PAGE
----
That goes for anything; clothes, stationery, things for the house, anything but the weekly food shop! Whatever it is, I research it to death, reading every online review I can find, comparing the good to the bad to narrow down my choice to ‘the one’.

So when I bought the Sakura Pigma Micron for the first time I had high expectations, which I’m pleased to say this pen met admirably.

Sakura Pigma Micron Review

I’ve chosen to review the Sakura Pigma Micron size 005 (0.05 mm) as this is the pen I have had most experience with.

Durability

To be honest, I don’t expect such a fine nib to last a long time, so the Sakura Pigma Micron 005 performs well from my point of view. I’m quite particular with my lines, and prefer them the very fine width that a new pen can achieve, so once they’ve worn down a little I relegate them to the pot I reserve for sketching. I find a Pigma Micron lasts me for one or two detailed drawings, but you may find you can continue using them for longer if you have a more sketchy style.

I tend to use mine on watercolour paper, which has a lot more texture than, say, Bristol board, so they wear down more quickly. That said, I haven’t yet run out of ink (due to my relegating habit), so I’d say they’re excellent for how long they last.

Density of colour

Sakura Pigma Micron pens come in a variety of colours, but black is my absolute favourite. According to Sakura’s own website, the archival ink is ‘permanent, fade resistant, chemically stable and pigment-based’ so it produces a deep, solid black line which is waterproof and will stand the test of time.

I use mine to outline sketches before painting with watercolour and I’ve never had a problem with the steadfastness.

succulents - botanical illustration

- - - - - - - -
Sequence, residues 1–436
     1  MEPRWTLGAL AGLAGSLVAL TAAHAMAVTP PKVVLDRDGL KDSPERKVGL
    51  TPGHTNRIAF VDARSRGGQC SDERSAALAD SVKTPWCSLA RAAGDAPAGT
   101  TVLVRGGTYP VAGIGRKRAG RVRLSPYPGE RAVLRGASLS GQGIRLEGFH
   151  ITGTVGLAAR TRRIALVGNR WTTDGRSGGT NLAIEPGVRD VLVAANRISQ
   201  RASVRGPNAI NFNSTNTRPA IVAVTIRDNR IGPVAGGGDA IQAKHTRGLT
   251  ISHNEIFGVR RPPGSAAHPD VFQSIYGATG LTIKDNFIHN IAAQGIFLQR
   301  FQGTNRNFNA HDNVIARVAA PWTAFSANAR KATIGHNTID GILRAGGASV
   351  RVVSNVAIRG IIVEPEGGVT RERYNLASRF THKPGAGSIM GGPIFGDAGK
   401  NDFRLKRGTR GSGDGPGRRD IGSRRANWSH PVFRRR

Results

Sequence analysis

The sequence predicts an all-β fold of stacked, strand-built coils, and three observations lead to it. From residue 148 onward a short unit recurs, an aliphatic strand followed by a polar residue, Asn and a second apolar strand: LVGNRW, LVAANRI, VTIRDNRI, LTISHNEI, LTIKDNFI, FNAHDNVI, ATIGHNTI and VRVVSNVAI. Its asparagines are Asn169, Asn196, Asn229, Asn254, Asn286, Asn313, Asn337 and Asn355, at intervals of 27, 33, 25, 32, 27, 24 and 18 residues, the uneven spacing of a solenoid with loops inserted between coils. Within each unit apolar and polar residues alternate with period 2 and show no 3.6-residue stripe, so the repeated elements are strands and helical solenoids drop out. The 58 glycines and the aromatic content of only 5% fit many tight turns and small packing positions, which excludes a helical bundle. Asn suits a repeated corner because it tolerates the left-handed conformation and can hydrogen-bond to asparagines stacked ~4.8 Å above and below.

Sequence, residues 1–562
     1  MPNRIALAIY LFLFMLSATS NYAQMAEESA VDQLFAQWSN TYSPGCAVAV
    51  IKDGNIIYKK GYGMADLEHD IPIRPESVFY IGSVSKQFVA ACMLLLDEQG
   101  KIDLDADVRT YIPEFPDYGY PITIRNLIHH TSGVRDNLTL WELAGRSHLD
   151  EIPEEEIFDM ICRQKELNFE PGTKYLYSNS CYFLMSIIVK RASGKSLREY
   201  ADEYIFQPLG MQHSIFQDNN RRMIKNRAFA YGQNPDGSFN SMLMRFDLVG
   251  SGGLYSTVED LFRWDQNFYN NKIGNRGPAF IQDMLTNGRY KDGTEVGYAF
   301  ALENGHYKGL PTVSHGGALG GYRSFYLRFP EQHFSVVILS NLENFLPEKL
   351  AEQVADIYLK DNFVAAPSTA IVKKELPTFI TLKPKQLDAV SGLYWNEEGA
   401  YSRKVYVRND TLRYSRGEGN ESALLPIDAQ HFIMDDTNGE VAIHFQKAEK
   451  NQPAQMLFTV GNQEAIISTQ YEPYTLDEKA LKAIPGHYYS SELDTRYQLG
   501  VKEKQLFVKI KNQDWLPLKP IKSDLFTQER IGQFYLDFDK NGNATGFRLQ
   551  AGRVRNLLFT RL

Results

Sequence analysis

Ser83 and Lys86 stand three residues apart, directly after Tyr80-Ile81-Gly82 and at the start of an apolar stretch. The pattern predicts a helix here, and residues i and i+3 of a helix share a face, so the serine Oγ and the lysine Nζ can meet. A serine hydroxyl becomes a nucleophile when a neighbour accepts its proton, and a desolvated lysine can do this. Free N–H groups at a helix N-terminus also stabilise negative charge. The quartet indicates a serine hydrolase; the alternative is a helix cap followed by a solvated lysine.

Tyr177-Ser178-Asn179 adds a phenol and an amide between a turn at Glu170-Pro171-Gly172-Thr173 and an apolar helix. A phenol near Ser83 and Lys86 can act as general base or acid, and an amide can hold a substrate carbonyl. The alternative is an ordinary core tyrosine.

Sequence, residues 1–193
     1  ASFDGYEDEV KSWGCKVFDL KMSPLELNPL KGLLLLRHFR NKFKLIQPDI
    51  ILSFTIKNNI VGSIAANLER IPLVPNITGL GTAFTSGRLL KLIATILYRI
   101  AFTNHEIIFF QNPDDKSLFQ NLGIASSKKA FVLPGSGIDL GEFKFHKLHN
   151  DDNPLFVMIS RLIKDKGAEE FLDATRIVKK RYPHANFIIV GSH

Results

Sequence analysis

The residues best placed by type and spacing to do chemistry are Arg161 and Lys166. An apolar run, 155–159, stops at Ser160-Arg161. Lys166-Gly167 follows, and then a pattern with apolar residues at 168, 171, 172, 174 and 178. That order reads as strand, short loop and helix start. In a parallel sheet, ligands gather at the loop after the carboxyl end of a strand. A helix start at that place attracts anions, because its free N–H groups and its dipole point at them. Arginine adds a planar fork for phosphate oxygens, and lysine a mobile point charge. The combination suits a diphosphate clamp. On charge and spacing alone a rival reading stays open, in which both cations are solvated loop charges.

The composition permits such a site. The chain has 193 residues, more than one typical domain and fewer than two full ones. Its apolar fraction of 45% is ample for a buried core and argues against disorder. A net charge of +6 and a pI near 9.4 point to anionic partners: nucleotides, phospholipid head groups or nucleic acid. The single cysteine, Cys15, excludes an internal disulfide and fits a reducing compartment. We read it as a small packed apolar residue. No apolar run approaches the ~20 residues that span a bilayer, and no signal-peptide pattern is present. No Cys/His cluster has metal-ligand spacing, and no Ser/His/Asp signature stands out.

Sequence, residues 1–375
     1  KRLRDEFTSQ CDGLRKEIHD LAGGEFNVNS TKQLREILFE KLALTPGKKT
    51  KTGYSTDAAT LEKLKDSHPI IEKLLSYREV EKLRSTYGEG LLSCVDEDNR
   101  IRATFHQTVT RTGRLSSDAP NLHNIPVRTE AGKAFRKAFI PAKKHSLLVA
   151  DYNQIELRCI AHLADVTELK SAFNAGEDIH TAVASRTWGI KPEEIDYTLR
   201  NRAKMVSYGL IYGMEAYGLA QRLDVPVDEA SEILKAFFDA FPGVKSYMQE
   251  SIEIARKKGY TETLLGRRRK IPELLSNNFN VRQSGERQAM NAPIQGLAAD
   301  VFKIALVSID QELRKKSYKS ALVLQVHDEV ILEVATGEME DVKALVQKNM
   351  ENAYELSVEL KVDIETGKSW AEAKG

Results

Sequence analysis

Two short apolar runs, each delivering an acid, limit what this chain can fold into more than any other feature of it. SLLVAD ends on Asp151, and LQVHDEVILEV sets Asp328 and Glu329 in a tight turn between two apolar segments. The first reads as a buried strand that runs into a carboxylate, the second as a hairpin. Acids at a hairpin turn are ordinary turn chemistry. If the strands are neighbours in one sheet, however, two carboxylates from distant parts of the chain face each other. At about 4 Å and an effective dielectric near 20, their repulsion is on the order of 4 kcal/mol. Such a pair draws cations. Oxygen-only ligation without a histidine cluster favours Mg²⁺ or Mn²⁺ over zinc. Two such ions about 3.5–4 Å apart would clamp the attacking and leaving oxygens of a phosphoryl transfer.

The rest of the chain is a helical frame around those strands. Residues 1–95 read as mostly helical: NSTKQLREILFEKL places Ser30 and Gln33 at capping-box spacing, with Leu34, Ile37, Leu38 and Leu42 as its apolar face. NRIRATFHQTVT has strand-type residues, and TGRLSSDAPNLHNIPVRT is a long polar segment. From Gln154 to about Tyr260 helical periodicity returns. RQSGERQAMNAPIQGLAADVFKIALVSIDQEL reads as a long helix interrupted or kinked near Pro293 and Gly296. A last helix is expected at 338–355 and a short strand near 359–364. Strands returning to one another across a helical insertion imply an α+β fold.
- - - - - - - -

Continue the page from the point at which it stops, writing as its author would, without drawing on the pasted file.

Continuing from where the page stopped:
Application

I really like the way the Pigma Micron feels to draw with, it’s smooth and the lines produced are solid and uniform. I haven’t found the ink to bleed at all and I’ve used them on a few different papers. I’ve been working on a colouring book on Bristol board for quite some time now and I love the beautiful crisp finish this pen achieves.

It is very versatile as I find I can use it for several different styles of drawing, from quick, sketchy lines to detailed, accurate pieces. The lines dry really quickly, almost immediately even on smoother, less porous drawing surfaces. This is a real bonus as I don’t have much patience when it comes to waiting for ink to dry before I start painting!

Sakura Pigma Micron Review

Writing

I primarily use the Pigma Micron as a drawing pen, but I’ve also used it for writing in my art journal. It’s easy to write with and the application of the ink is smooth, not scratchy or blotchy. I do find myself adjusting the pressure of my writing so as not to put too much strain on the tip, so if you like to write with quite a bit of pressure, this is probably not the pen for you. I still prefer to write with a ballpoint pen, but that’s just my personal preference!

toy illustration - watercolour

Appearance

I’m not too fussed about what a pen looks like as long as it does what I want it to. Some would say that the tan colour isn’t very attractive, but it doesn’t bother me. I like the feel of it in my hand, the lid is nice and secure and they’re well labelled with the size, so it’s harder to pick up the wrong one by accident. It is plastic, but again, that’s no problem, besides the environmental impact.

Sakura Pigma Micron Review

All in all, I would definitely recommend this pen. I keep buying them and I haven’t used another brand since I started using them, so that’s a testament to their quality.

I’m sharing this post on the following blogs: Handmade Harbour and Paint Party Friday!

How to make a repeating pattern

how to draw a repeating pattern

It’s been a long while since I wrote a tutorial and since I’ve been interested on making patterns recently, I thought I’d share my step by step guide with you.

For some reason I find it immensely satisfying to make a pattern out of an original drawing or painting. It can give a whole new feel to a piece of artwork, anything from a doodle to a detailed painting can be converted into a beautiful design which you can use to make wrapping paper, fabric, phone covers – you name it!